The testing methods and techniques utilized to test drivers for signs of impairment were largely designed for testing drivers who consumed alcohol. As states have moved to legalize marijuana, the testing methods, technology, and police training in the science of the detection of operation under the influence of drugs have lagged behind. A skilled marijuana DUI defense lawyer can attack the credentials of the arresting officer and the testing results. The state has a harder burden to prove a marijuana DUI case. If you have been arrested for driving under the influence of marijuana (marijuana DUI) you should contact a Connecticut DUI lawyer because you may have valid defenses to the arrest.


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Q. Can I Go to Jail For a DUI?

The good news is that most first time DUI offenders will not have to go to jail, and in fact, most of them will get their cases dismissed if they participate in the alcohol education program. Those clients who had an unusually high BAC reading or who were involved in severe accidents may require a little extra effort to get their AE program application approved, but we are able to get almost everyone into the program which results in a dismissal of the charges upon successful completion.

Anyone who has had a prior DUI conviction in the past 10 years would be considered a second-time offender. Second and third-time offender DUI cases are felony-level offenses and include mandatory minimum jail sentences. We have had a lot of success getting our DUI clients in to the home confinement treatment program C.G.S. § 18-100h. Our firm has extensive experience in preparing our client's files for the home confinement program, and as of this writing, we have a 100% track record of every DUI offender we have represented being released early on an ankle bracelet. (*Past performance is not a guarantee of future results – contact us for a free consultation to review the facts of your individual case).

Anyone who is on probation for a DUI who picks up another DUI, or who picks up a second DUI while their first case is pending also is risking the possibility of exposure to jail time. If you have been arrested under these circumstances, you should contact our office for a free consultation to explore options to defend your case.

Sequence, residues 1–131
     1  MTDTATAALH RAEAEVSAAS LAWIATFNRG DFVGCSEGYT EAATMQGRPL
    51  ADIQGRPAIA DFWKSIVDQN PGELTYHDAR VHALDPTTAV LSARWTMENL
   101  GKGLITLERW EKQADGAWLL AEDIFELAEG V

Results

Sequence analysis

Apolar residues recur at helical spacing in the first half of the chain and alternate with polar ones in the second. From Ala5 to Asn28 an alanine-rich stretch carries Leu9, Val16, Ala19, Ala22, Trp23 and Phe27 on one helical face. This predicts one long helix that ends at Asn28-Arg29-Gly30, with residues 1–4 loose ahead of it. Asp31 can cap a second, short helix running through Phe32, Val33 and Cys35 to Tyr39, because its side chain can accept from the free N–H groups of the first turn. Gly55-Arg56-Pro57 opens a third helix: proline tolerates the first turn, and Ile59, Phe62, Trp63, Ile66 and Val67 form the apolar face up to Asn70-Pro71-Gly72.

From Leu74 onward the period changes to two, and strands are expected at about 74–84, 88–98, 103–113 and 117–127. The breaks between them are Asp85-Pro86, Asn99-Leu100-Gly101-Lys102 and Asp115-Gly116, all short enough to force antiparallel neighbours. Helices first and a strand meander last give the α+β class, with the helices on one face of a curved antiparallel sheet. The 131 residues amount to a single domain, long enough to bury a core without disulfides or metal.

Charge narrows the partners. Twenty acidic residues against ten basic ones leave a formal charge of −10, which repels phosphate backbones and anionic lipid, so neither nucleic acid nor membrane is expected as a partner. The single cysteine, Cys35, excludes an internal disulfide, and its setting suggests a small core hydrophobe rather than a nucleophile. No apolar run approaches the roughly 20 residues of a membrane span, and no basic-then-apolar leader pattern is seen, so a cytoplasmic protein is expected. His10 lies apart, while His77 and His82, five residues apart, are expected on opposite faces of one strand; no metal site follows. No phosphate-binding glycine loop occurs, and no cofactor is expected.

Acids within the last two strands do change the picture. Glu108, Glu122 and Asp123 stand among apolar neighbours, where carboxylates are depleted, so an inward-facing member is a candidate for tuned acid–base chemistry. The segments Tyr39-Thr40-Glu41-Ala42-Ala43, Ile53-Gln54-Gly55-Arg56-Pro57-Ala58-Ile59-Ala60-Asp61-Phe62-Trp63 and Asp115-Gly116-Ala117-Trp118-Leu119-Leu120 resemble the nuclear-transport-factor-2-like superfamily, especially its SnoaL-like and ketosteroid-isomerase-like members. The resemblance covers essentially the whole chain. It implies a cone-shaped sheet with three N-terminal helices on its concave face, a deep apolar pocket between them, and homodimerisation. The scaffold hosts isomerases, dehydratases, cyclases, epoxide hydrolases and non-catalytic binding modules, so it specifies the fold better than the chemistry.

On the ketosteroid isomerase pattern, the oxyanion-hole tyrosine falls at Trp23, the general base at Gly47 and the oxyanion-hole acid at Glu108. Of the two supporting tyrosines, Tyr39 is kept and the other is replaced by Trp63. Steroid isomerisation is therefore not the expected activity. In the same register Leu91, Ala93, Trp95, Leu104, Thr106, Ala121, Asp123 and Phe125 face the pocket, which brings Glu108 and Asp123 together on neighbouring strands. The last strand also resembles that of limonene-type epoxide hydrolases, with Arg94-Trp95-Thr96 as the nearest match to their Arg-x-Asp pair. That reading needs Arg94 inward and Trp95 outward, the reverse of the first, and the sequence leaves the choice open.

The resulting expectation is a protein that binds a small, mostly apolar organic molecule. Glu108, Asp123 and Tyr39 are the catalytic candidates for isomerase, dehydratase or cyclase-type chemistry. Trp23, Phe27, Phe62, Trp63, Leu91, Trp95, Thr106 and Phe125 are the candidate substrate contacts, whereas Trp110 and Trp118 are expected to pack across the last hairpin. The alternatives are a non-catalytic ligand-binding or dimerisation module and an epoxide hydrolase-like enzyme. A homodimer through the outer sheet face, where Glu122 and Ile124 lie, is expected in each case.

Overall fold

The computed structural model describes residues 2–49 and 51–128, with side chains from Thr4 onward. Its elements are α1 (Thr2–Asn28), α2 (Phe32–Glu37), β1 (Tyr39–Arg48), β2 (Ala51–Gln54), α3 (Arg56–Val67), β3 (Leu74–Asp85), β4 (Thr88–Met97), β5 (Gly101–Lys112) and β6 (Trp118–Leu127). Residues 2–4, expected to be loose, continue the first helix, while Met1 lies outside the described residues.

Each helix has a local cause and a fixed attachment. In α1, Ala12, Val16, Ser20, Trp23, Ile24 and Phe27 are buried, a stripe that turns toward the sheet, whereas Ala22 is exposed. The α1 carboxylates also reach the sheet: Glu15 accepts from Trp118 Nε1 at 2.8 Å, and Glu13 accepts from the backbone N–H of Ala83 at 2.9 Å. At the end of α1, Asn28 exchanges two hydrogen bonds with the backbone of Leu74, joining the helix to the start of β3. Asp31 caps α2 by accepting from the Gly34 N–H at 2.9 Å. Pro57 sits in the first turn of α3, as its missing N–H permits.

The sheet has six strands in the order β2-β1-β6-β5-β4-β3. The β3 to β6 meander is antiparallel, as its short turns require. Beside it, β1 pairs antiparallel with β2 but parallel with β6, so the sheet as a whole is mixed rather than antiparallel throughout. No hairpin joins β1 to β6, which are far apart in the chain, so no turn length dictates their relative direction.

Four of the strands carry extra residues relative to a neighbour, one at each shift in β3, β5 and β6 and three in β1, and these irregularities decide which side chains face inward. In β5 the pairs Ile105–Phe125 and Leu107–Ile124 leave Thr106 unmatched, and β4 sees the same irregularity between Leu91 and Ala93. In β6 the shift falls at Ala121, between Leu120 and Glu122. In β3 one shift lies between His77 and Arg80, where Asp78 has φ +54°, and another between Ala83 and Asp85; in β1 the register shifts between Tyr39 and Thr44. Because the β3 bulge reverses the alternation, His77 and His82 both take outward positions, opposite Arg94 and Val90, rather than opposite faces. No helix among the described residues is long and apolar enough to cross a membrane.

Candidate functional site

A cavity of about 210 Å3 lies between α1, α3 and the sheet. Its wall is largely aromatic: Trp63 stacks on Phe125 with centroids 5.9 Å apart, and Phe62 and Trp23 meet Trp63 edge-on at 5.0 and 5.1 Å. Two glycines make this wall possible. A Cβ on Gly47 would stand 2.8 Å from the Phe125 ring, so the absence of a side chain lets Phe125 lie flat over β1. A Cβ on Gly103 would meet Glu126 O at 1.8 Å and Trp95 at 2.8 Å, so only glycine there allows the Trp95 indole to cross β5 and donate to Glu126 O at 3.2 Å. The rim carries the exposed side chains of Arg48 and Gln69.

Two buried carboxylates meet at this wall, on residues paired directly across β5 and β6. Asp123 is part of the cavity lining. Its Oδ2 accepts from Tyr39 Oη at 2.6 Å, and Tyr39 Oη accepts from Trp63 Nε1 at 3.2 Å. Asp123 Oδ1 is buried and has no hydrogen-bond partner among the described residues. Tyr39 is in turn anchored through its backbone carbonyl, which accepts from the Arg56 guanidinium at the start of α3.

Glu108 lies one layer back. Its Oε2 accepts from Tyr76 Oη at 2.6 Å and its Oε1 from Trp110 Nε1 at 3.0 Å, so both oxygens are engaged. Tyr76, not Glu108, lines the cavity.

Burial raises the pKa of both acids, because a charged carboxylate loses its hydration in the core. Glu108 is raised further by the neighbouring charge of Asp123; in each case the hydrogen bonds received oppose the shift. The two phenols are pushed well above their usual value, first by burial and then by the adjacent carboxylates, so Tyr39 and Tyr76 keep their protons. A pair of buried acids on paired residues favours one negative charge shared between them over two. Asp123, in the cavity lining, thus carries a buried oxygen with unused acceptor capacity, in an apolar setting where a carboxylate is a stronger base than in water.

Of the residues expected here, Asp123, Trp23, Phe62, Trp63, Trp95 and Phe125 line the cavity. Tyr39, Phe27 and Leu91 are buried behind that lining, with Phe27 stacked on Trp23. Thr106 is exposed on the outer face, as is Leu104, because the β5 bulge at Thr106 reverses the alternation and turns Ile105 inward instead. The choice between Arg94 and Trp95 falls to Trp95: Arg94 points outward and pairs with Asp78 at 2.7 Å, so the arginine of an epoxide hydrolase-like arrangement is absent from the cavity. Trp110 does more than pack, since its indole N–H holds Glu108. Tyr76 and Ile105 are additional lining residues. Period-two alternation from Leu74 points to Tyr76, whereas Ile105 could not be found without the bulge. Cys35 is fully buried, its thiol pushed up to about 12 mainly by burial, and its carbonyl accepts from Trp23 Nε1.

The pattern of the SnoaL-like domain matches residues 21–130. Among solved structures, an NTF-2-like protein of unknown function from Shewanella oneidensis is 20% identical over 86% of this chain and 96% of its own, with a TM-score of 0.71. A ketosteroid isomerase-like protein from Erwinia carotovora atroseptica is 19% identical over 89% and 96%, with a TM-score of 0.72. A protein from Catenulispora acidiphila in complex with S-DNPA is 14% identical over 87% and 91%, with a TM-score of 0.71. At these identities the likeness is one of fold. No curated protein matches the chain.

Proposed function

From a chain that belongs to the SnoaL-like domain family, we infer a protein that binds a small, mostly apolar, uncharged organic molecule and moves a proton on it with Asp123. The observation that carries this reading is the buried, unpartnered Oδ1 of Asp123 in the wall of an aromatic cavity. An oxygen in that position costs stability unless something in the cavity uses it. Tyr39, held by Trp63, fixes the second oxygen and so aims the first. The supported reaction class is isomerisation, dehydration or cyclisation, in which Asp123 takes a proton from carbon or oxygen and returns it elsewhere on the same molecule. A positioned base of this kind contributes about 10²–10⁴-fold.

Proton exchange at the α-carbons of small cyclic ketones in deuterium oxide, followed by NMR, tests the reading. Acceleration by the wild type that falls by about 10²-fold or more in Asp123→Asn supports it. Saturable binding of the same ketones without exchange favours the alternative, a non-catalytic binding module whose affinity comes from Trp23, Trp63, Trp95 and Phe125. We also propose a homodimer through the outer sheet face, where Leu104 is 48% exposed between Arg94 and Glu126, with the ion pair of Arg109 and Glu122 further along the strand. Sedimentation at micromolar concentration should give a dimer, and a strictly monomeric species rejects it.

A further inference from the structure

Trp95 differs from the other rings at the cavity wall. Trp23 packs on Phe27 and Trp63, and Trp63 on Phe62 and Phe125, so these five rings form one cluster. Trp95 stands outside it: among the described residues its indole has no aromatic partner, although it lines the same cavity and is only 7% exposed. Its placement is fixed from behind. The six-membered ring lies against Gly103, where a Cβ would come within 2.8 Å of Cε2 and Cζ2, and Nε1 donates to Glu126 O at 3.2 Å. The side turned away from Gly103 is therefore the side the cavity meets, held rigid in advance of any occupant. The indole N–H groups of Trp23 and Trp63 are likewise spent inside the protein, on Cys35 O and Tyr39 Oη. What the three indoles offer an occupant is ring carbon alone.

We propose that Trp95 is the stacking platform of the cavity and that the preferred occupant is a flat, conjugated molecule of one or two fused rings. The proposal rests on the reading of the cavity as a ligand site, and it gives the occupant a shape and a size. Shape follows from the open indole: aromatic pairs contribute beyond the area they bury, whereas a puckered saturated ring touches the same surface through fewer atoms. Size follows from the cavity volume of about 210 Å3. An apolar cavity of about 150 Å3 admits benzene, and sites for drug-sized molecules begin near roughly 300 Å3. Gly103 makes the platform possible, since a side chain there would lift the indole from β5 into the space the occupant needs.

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Q. How Accurate are "Breathalyzers?"

The police and states attorneys seem to think that whatever number the breathalyzer machine spits out is set in stone and 100% accurate. The reality is that breathalyzer machines are highly questionable and often have not been calibrated for several years. There are many situations where the readings of breathalyzer machines can result in inaccurate readings and false charges. If you have been arrested for a DUI and feel that the readings from the breathalyzer test are too high, contact an experienced Connecticut DUI lawyer to review the facts of your case and search for common testing errors that can help defend your case.


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Q. Do I Really Need a Lawyer?

Even if you are guilty of DUI, an experienced Connecticut DUI attorney can find the best way to mitigate the situation and work towards the best possible resolution. First-time offenders may be eligible for the alcohol education program. If you are not eligible for the alcohol program, a skilled lawyer can find holes in the state's case and work to reduce the charges or have the charges dismissed in some cases. You should never plead guilty to a DUI without first speaking to an experienced Connecticut DUI lawyer to go over the facts of your individual case.


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Contact a Connecticut DUI Lawyer Today!

If you have been charged with a DUI in violation of CGS § 14-227a in Stamford, Darien, Greenwich, Bridgeport, Weston, New Canaan, Wilton, Norwalk or anywhere throughout the State of Connecticut, you should immediately contact a DUI attorney at The Law Offices of Allan F. Friedman. We always provide a free initial consultation to review the best options to resolve your case. We will fight to obtain the most favorable resolution possible for your case, and we work with reasonable flat rate fixed fees. Call Attorney Friedman at (203) 357-5555 to schedule your free initial consultation. We are available 24/7. Or you can contact us online for a prompt response.

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Absolutely Exceptional Attorney. I give Allan a 10 out of 5 - he is that good and far beyond excellent!!! Allan handled my traffic matter with the highest level of professionalism, empathy and efficiency that anyone could ever ask for… Jose
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This man literally saved my life! I had a criminal mischief and domestic charge along with a protective order put on me. Atty Friedman successfully got me into the required needed to have these charges dropped. Then came the felony protective order violation...Long story short I walked out of court today with all my charges nolled. Anonymous